Conflating utopianism with the formation of intentional communities, Neima offers us an idiosyncratic and unsatisfactory definition of who is and who is not a utopian. The Utopians, it turns out, is not a study of utopians at all; it is rather a study of gurus. While the Elmhirsts were merely prigs who were overexcited by science, Tagore, Mushanokōji, Gurdjieff, Arnold, and Heard all fit the bill. Each claimed special knowledge of the meaning of life and felt entitled to tell others how life ought to be lived. 

Grandiose, vacuous, and irresponsible, to be sure. But none of these gurus abused the power they wielded too egregiously. Unworthy of veneration, but not dreadfully malign, they were mainly guilty of hypocrisy: eulogizing democracy and equality while living luxurious lifestyles quite distinct from the spartan ones of the communards they bossed about. Only Gurdjieff betrayed an unmistakable strain of sadism, dispensing “shocks”—ritual forms of humiliation—to his willingly submissive followers as a way of bringing them to “self-enlightenment.” We hear very little about the disciples these gurus collected around them and what motivated them to join these experiments, but Gurdjieff was surely onto something when he ended his Saturday suppers with “the toast to the idiots.”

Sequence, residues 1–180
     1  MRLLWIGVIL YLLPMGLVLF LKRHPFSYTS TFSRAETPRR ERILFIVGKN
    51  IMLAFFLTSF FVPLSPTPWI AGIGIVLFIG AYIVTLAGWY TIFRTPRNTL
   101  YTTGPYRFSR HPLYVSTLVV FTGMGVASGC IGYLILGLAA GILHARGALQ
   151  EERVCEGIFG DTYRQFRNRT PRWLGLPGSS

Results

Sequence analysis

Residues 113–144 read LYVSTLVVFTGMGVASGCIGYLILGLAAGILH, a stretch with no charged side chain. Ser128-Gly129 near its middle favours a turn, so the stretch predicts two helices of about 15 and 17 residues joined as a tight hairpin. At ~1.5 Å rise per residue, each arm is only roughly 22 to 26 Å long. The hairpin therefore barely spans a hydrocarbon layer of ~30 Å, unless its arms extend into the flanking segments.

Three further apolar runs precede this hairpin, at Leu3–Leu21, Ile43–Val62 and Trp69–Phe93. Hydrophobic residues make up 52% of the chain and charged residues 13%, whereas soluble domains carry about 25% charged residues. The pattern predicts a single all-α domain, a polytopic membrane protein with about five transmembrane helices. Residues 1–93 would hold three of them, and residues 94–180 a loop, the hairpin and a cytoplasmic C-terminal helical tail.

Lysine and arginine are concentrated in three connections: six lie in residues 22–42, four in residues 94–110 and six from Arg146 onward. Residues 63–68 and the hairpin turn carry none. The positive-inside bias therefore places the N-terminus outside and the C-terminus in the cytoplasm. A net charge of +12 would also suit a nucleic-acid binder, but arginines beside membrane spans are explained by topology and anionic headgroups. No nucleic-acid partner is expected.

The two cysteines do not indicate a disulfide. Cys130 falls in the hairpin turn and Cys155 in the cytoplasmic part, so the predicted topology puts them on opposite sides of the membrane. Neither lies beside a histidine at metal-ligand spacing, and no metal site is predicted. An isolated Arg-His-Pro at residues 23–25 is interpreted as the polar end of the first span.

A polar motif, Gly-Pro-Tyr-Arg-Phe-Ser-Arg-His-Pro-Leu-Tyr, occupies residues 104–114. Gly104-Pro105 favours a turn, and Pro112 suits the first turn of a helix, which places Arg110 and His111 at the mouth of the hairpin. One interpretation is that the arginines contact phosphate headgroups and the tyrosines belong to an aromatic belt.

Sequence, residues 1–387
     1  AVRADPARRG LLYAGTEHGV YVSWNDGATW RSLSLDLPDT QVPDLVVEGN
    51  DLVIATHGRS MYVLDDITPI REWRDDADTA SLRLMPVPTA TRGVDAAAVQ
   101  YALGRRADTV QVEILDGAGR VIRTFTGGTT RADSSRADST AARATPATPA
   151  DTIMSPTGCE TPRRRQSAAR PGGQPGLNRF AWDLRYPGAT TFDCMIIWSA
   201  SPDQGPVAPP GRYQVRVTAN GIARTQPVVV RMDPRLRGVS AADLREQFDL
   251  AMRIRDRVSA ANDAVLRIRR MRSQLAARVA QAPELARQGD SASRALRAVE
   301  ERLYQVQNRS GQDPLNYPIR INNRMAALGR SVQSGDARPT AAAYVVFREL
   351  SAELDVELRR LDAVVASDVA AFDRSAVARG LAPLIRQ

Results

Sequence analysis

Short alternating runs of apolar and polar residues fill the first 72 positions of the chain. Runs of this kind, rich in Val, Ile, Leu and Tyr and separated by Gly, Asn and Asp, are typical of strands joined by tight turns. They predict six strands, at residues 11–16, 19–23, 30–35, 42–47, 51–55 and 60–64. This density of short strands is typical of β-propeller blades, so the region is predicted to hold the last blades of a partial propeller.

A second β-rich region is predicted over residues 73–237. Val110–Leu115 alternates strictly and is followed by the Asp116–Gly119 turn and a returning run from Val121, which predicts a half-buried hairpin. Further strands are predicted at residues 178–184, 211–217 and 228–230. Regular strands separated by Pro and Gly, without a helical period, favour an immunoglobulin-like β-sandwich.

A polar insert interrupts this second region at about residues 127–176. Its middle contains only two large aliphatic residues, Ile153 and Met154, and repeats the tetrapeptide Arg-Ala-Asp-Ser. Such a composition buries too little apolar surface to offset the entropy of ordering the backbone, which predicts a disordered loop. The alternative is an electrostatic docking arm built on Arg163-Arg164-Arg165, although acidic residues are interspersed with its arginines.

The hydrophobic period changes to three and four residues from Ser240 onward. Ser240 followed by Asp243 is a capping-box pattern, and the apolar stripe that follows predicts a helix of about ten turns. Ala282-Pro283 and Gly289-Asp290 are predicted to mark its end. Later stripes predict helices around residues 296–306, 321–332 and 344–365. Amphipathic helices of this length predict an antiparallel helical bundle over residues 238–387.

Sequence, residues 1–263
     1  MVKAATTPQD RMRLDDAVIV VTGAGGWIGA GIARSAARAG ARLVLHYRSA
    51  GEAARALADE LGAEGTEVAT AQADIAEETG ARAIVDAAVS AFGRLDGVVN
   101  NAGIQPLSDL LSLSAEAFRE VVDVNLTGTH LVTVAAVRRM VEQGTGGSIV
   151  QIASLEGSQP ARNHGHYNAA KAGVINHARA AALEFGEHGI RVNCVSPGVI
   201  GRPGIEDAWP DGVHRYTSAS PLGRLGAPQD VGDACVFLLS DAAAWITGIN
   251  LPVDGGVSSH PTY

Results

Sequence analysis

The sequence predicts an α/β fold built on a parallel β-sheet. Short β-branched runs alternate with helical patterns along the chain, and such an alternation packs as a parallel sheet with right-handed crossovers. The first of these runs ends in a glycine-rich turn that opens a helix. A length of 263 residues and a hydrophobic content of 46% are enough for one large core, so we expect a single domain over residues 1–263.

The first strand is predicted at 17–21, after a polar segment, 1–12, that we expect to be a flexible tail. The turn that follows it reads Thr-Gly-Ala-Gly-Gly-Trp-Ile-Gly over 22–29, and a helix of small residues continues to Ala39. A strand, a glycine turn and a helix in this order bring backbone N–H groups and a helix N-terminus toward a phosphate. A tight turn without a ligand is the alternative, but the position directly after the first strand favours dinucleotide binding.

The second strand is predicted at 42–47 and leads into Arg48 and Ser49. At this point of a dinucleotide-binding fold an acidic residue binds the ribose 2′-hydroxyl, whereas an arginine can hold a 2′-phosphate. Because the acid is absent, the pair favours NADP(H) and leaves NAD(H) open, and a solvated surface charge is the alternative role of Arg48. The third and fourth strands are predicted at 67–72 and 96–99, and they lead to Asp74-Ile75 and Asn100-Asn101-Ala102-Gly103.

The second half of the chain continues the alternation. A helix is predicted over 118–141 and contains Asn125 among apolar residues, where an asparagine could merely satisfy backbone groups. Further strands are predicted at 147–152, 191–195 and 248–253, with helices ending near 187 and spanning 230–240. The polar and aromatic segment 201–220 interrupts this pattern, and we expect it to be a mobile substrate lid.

Neima’s text is teeming with “Third Ways” and “Fourth Ways,” “Third Moralities,” “Humanisms,” “World Brotherhoods,” “poet’s religions,” “superconsciousness,” “psychological communisms,” “democratic confessionalisms,” and “generating cells.” The gurus’ ridiculous metaphysical claims, their naivety and arrogance, their belief that they had discovered something which generations of human beings had missed, their faith in reason and human perfectibility, and their predictable flights from what they had established when things did not work out quite as planned are all tiresomely preposterous. But one suspects that by dealing with the ideas of her gurus so superficially, Neima makes them even more absurd than they actually were.

Just who is the most conceited among Neima’s gurus is unclear. What is very obvious, however, is who is the least: Eberhard Arnold, the founder of the Bruderhof, whose model for the ideal society was the first church in Jerusalem, where members were of “one heart and one mind, and shared all things in common.” In contrast to the other gurus, Arnold did not renounce rules and leadership. On the contrary, the Bruderhof was expressly hierarchical and disciplinarian. It was not only the fact that the Bruderhof was faith-based and rooted in tradition that kept the community vital—it is the only experiment which has survived intact—but also the fact that it was the least utopian.